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Partial Pressures of Gases in Blood

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When our professor was teaching this subject she kept referring to how this correlates to atmospheric pressure. Others in the class and myself asked her to be more specific but, it did not help. Can this be explained a little better, just how does pressure of gases in blood correlate with atmospheric pressure? Can you explain Henry's law a bit better--I'm a bit confused?

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Simply put: everything is connected!

The exchanges of CO2 and O2 are purely passive. The behaviour of these two gases depend on Dalton's and Henry's Laws.

Dalton's Law states that each gas in a mixture of gases exerts its own pressure as if all the other gases in the mixture were not there. The specific pressure of an individual gas is referred to as the partial pressure. If we add up all of the partial pressures of all of the different gases in the mixture we would arrive at the total pressure of the mixture. Typically, for air this would be "atmospheric pressure" or 760 mm Hg.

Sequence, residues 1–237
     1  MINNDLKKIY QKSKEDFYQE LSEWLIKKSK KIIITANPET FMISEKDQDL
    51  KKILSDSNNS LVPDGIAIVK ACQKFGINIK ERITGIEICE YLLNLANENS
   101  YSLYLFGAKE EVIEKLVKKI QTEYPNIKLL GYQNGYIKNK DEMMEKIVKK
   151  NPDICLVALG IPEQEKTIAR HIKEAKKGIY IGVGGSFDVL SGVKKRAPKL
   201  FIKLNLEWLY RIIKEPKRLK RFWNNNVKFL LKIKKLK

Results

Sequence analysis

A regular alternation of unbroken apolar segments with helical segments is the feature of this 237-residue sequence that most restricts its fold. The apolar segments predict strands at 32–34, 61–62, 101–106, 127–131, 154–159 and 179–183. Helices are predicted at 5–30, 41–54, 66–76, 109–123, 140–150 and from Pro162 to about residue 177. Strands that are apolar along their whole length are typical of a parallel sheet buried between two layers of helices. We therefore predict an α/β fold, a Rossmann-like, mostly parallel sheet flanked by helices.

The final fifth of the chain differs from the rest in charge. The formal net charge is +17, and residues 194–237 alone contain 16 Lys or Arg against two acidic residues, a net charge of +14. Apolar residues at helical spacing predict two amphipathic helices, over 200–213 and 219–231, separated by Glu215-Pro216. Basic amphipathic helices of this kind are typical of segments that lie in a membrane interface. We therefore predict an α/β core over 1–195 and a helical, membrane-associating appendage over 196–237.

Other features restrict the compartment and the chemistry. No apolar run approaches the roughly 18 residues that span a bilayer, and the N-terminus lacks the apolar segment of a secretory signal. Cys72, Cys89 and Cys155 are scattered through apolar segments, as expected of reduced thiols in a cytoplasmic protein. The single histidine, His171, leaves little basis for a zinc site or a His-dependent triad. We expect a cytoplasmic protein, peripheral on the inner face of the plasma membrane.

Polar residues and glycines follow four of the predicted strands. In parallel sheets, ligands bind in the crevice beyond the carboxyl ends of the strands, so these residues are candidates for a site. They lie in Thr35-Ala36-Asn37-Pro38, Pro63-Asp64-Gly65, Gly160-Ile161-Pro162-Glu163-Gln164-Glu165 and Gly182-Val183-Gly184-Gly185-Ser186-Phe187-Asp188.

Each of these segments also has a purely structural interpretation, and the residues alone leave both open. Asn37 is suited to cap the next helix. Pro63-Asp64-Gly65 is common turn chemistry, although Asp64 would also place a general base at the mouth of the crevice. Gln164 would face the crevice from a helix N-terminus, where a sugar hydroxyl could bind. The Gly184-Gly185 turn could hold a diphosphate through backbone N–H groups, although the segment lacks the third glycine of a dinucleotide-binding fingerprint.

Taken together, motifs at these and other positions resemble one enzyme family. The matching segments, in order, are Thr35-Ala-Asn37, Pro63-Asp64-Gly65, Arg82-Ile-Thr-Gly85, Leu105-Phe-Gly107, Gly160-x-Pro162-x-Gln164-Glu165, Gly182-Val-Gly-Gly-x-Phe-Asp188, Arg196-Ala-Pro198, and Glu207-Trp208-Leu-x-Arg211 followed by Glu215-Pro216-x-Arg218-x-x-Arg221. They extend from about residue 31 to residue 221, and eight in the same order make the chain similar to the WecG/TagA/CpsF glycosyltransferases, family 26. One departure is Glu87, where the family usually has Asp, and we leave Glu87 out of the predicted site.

In other words, if atmospheric pressure is 760 mm Hg and O2 makes up 21% of the mixture of gases, then the pO2 (partial pressure of O2) would be 0.21 x 760 = 160 mm Hg.

On the other hand, the pCO2 is about 0.3 mm Hg, since its ...

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The solution determines the partial pressures of gases in blood.

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